(Wood) Chimney removal

Discussion in 'Roofing and Siding' started by Fiero2, Sep 15, 2010.

  1. Sep 15, 2010 #1

    Fiero2

    Fiero2

    Fiero2

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    Hello my name is James and I am a new member. MY trade is auto repair and up until about a month ago I was sacred to death of home repairs but am slowing making friends with the hammer!! :)

    Anyway, My chimney was repaired about 4 years ago but unfortunately has started to leak again. Since the chimney is not used I was thinking of removing it. The inside is a brick face the rest is wood all the way up and it is attached to the side of the house. I was thinking of having a professional do the job as I am an amature. What do I expect to pay..?
     
    Last edited: Sep 15, 2010
  2. Sep 15, 2010 #2

    oldognewtrick

    oldognewtrick

    oldognewtrick

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    James, where is the leak showing up at? Who repaired the last leak? Can you post a pic of the leak and also the outside of the chimney?

    ...and welcome to House Repair Talk.
     
  3. Sep 15, 2010 #3

    mudmixer

    mudmixer

    mudmixer

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    Is it a tin chimney flue in a wood chase or a masonry chimney/flue?

    If it is a tin chimney, the interior you referred to is probably a masonry surround around a fireplace for architectural effect.

    Dick
     
  4. Sep 15, 2010 #4

    Fiero2

    Fiero2

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    Hello again, From memory it was a tin flue, It basically a tin pipe that was run thorough a wood frame it was removed and capped off at the top. Here is a picture of the chimney in question.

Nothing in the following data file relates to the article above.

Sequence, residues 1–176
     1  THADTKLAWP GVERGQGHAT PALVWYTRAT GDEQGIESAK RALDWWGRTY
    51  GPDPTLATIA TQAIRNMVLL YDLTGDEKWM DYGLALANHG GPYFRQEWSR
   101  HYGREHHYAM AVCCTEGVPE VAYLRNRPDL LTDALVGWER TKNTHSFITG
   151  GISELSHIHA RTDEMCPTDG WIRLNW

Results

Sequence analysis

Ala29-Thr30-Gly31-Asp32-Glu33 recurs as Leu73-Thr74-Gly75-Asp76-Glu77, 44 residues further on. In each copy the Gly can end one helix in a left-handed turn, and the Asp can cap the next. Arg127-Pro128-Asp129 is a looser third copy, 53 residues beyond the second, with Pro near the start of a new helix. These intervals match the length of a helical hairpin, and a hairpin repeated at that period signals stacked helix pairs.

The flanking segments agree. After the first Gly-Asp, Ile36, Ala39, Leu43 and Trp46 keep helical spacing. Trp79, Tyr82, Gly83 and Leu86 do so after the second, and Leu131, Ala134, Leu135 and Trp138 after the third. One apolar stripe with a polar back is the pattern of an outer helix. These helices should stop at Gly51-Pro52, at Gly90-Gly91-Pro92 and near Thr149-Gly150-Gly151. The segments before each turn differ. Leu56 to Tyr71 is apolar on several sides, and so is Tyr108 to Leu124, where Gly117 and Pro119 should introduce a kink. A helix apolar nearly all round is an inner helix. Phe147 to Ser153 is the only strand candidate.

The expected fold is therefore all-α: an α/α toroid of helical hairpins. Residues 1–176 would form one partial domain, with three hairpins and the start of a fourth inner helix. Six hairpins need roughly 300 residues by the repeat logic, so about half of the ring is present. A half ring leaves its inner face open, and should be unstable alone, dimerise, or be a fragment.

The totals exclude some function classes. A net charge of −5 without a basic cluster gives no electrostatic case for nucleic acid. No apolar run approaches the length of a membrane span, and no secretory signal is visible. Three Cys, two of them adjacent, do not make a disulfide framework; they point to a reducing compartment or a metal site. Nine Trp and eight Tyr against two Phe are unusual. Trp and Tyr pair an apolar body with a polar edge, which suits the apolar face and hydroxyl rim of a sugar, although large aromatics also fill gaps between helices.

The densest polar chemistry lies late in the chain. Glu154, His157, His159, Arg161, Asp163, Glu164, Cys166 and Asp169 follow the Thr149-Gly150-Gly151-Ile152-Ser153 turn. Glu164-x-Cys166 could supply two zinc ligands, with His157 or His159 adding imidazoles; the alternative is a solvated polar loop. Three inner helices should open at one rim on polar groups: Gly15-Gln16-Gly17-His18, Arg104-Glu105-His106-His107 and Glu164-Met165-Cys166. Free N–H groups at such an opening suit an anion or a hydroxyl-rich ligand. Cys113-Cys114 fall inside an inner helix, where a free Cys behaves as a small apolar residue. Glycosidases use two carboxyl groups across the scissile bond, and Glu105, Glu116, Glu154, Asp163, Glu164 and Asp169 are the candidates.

[​IMG]
     
    Last edited: Sep 15, 2010
  5. Sep 15, 2010 #5

    oldognewtrick

    oldognewtrick

    oldognewtrick

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    James, that chimney sits in a valley. It's not impossible to provide a proper flashing that will make it serviceable. The money you spend to remove and repair the roof deck could be spent to make it functional. I'm thinking resale value is why I'd say fix it. A fireplace that can't be used is not a asset of the structure. If you need to find a qualified installer check at the local roofing supply houses not the apron store for a good company.

    If you're set on getting rid of it. Remove it from the fascia board up and turn that area underneath into patio storage.

    Cost? Check with a local contractor that does room renovations or additions for a local cost.
     
  6. Sep 16, 2010 #6

    inspectorD

    inspectorD

    inspectorD

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    You could get rid of the top of it, because it is a poor design, but also keep the bottom portion. Extend the roof a bit, And install a vented gas fireplace that vents out the wall, and keep your ambiance of a fireplace.

    Good luck.
     

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